Guest post written by Kaitlyn Smith, Special Olympics Project UNIFY Executive Management Intern during Summer 2012.

July 28th. The day six youth had been dreading for over two months was here. This was the day their lives would go back to “normal,” the day they would say goodbye to friends they had become so close with, and the day they would say goodbye to a city they had learned to love. This day was the day that the Special Olympics Project UNIFY interns would say goodbye to the most amazing summer and part their separate ways back to their own states, and back into the lives they had left behind two months ago.

Sitting in the airport on the morning of July 28th seemed so unreal to me. It felt like just yesterday I was arriving in DC with high hopes for what the summer would bring, and now I was already leaving. Sitting at my gate waiting to board, I was on my computer reminiscing over the pictures of us interns in our dorms, at the monuments, kayaking in the Potomac River, traveling to different states, working in the office, and dressing like our mentors. These amazing memories are the ones that will stick with me the rest of my life. The more pictures I flipped through, the more I realized that this internship was not just a “job” for the summer, or an internship to learn about an organization; it presented us with opportunities to learn about ourselves, grow professionally, and learn about life. This internship was life changing.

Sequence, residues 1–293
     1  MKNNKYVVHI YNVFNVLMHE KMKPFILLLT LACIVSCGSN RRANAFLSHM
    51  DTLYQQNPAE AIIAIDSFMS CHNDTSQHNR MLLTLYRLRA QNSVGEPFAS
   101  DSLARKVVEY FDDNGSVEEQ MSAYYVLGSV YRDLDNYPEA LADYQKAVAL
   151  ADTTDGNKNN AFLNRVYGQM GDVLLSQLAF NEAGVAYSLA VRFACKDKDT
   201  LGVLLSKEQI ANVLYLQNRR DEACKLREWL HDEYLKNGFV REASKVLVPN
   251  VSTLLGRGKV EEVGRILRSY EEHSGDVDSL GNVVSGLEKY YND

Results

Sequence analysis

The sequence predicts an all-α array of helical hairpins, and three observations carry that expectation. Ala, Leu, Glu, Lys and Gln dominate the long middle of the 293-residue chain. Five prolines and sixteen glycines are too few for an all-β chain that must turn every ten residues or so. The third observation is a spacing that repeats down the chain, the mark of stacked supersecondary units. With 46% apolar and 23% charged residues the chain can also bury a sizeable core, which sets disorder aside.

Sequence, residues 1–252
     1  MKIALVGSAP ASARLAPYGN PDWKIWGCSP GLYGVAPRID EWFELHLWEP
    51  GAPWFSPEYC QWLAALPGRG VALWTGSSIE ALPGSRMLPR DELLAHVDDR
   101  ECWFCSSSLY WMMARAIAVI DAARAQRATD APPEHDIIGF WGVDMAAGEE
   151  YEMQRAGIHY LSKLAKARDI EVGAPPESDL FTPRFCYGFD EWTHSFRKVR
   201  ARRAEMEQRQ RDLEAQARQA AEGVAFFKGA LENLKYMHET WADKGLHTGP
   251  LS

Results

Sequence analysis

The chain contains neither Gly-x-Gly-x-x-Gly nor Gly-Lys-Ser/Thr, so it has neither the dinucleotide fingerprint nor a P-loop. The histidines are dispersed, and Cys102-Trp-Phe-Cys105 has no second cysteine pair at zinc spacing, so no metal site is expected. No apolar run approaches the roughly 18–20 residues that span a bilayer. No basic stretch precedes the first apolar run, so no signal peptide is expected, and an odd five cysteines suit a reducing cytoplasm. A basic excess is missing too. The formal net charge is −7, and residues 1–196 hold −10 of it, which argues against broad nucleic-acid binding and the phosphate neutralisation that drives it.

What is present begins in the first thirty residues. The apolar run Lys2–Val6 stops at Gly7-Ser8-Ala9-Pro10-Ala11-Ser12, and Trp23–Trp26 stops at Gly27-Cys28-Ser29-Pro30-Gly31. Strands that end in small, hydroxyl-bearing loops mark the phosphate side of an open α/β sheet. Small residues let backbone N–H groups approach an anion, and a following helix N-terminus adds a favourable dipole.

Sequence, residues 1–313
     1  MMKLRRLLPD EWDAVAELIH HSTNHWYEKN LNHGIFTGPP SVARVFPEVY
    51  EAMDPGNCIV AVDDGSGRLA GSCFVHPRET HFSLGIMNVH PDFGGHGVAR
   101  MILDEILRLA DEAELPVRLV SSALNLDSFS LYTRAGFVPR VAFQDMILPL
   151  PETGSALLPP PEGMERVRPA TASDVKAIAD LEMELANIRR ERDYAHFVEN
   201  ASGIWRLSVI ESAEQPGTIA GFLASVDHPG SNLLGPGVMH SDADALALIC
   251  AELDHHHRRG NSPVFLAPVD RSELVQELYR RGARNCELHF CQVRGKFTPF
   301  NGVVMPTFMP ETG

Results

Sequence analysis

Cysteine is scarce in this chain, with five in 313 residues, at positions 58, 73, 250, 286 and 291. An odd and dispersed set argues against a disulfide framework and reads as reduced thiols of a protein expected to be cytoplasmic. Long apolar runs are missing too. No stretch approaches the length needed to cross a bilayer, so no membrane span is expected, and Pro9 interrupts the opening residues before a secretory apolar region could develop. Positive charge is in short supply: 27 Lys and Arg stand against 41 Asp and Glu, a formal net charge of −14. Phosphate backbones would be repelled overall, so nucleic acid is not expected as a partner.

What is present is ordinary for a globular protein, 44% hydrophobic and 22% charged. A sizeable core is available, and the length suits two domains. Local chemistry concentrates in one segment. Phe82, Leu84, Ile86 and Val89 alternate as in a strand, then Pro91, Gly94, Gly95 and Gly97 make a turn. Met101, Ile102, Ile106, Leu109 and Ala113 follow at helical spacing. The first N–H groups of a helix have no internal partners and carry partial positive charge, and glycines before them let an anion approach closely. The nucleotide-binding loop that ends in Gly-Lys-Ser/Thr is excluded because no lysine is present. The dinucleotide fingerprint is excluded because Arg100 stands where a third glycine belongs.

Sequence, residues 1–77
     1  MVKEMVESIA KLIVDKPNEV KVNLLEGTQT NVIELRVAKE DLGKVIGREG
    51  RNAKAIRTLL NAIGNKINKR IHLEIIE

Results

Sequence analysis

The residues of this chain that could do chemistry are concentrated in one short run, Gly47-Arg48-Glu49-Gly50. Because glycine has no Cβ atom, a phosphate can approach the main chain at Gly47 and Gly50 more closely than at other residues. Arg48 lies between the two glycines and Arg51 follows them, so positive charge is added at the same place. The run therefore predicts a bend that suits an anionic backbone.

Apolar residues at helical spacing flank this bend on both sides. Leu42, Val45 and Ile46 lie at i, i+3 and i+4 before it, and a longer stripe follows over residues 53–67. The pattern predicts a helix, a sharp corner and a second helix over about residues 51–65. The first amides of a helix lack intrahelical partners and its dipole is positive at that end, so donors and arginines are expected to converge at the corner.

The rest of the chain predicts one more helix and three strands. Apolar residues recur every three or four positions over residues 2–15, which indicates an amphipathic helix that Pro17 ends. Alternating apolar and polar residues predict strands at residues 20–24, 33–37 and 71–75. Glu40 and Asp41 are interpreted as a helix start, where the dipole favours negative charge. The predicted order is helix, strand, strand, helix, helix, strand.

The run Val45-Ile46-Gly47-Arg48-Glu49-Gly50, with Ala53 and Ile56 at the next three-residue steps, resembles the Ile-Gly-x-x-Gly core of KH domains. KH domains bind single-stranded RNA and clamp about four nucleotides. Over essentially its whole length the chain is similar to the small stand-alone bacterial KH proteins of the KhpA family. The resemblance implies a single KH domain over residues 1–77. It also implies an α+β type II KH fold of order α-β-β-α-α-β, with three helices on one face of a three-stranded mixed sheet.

“We are now beginning to board sections 1 and 2.”  When I came to Washington DC, I already had a sincere passion and enthusiasm for Special Olympics, but never did I imagine that my passion for the organization could grow! Being able to work in an office with staff members who not only love their jobs, but have the desire to share their skills and knowledge with others was remarkable! The life-lessons and skills we learned from each and every one of the staff members we worked with are lessons that can be put to use as we begin our individual journeys into the “real-world.”

“Sections 3 and 4 you may now board.” The moment I walked into the Special Olympics office at the beginning of the summer, I instantly felt like I was a valued member of the team. The staff did not try and give us pointless jobs to keep us busy, but rather valued our input and voice as youth! All summer we worked on projects that were meaningful, and projects that we knew would be put to use in the future. While talking with other interns in the DC area they described their internships as “getting coffee” or “filing papers,” but Special Olympics valued our time, talent and skills making our internship an amazing experience.

Sections 5 and 6.”  The first day that I arrived in DC and met all the other interns, it was clear that this group of individuals could not be more different. We had different personalities, different approaches to situations, different ideas of what was “fun,” we came from different parts of the country, and from different backgrounds. But in the end, the differences are what made the experiences so much better. Special Olympics is all about celebrating differences, and once we were able to do so, we became so much more than friends; we became an intern family.

“Section 7 and all remaining passengers please board now.” This is it. As I packed up my belongings and made my way to the door, I couldn’t help but smile through the tears. In no way was this good-bye, or an end. Interning for Special Olympics Project UNIFY was just one more chapter completed in my Special Olympics journey, and I can’t wait to see where the next chapter takes me.